Tsu Koon and Taib Mahmud: Too Selfish to Step Down

By Aidil Syukri, Malaysian Digest  

After a humiliating defeat in the last general election, Minister in the Prime Minister’s Department Tan Sri Dr Koh Tsu Koon had contemplated on stepping down as president of Gerakan. The former Penang chief minister said he intends to quit the post because he wants to be responsible for Barisan Nasional (BN) losing Penang – the party’s stronghold – to the Opposition. However, he had to do away with this intention because Gerakan’s supreme committee had rejected his resignation on the grounds that it was not a suitable time to blame anyone and that the party instead needs to remain united to restore people’s confidence towards the perturbed party.

That was three years ago. Now, Koh’s party members have decided to voice out their demand for their president to give up office. What makes it even more ironic is that he was asked to resign on the same reason that he was asked not to three years ago; to restore people’s confidence in the party.

Those who had openly criticized him were the party’s Woman Chief, Datuk Seri Tan Lian Hoe who suggested that he should not contest in the next elections. Previously, most of the criticisms that were hurled at Koh mostly came from those outside the party such as former AMK Chief Ezam Md Nor as well as Independent MPs Tan Tee Beng (Nibong Tebal) and Datuk Seri Zahrain Hashim (Bayan Baru).

In 2008 General Election, Penang BN only managed to defend 11 seats while 29 seats fell to Pakatan Rakyat. Koh himself lost in the election to the DAP candidate, Prof Dr P Ramasamy in the Batu Kawan parliamentary seat with a majority of 9,485 votes. However, despite this embarrassing defeat, nobody suggested for Koh to resign at that time. These sentiments went public only recently.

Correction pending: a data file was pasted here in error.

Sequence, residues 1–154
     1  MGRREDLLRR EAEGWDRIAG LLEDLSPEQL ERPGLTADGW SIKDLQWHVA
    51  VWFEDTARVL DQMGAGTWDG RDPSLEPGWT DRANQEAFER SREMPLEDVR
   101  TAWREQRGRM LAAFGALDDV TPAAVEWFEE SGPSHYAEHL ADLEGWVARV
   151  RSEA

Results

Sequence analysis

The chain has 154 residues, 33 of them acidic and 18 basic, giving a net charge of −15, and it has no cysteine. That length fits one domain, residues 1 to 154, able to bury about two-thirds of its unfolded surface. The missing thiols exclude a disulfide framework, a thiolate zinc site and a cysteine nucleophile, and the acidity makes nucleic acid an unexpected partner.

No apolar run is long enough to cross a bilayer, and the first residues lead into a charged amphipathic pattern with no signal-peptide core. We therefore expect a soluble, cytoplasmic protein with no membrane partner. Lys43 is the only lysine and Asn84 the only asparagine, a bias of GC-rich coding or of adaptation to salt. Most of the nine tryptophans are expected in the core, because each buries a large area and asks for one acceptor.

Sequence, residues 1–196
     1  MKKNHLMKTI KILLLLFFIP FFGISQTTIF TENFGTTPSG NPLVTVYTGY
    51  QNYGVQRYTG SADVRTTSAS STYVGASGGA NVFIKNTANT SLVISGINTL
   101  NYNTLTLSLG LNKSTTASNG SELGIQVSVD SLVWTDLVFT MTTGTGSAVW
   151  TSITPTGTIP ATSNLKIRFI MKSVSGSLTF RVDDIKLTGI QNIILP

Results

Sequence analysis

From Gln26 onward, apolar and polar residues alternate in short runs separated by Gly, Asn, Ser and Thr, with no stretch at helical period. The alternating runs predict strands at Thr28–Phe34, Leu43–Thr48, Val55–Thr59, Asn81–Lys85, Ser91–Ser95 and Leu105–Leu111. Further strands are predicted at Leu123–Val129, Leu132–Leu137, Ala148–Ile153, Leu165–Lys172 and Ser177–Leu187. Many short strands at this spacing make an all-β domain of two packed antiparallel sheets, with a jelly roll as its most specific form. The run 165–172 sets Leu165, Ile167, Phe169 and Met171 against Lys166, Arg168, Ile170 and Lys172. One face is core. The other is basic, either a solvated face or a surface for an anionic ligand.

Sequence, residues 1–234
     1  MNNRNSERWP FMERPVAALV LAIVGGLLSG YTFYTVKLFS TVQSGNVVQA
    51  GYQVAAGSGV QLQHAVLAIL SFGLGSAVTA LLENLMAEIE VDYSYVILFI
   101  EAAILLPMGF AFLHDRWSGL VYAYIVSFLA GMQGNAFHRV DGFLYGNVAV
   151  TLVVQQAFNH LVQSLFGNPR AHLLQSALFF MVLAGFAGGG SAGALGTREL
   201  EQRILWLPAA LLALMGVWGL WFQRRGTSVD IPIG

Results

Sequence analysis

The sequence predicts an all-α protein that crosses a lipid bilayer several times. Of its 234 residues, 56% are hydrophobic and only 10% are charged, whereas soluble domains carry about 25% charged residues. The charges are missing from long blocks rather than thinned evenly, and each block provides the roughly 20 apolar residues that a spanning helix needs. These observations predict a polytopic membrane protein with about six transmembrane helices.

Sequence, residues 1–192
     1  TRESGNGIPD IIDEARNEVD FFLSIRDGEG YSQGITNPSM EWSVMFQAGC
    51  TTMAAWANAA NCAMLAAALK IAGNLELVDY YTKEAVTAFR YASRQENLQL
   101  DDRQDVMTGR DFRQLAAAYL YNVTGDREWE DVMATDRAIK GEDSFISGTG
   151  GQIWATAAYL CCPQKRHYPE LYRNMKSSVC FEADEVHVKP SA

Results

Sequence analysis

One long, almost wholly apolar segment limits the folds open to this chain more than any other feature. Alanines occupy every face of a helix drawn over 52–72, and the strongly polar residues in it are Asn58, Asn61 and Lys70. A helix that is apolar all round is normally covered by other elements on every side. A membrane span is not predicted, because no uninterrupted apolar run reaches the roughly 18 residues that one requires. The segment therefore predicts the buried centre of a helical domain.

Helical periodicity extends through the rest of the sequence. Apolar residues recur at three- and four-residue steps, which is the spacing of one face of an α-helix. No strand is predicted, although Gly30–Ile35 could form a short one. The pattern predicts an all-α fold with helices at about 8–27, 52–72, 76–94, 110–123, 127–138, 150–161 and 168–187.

In fact, Koh was not the only chairman from a BN component party who faced this sort of situation. There were other BN leaders that face similar pressure such as former MIC President, Datuk Seri S Samy Vellu and PBB President who’s also Sarawak Chief Minister, Tan Sri Taib Mahmud. In the case of these two veterans, Samy, who lost his Sungai Siput seat to PSM’s Dr Jeyakumar Devaraj, bowed to the pressure and passed his leadership on to his deputy, while Taib still remains as chief of his party, Parti Pesaka Bumiputera Bersatu (PBB).

Actually, there are pros and cons regarding to this issue. One might suggest that based on the situation that hit BN on the last elections, new leadership might help in ‘rebranding’ the party’s image, like what we can see in Umno and MCA. However, in case of MIC, honestly I can say that the new leadership has not brought any changes to the party, let alone the Indian community. It’s also very noticeable that the party’s current president, G Palanivel, who himself lost his Hulu Selangor seat to the late Datuk Dr Zainal Abidin in the last election, is less popular than a junior by the likes of  P Kamalanathan (the present Hulu Selangor MP). This is obvious from the fact that Kamalanathan was chosen over the then MIC deputy president as a candidate to contest for the Hulu Selangor constituency, denying Palanivel the chance to redeem himself by taking a crack at reclaiming the seat he lost. Not only was newbie Kamalanathan favored by BN’s big bosses, as a matter of fact, the then PKR opponent he overcame in the Hulu Selangor by-election last year was a former law minister, Datuk Zaid Ibrahim.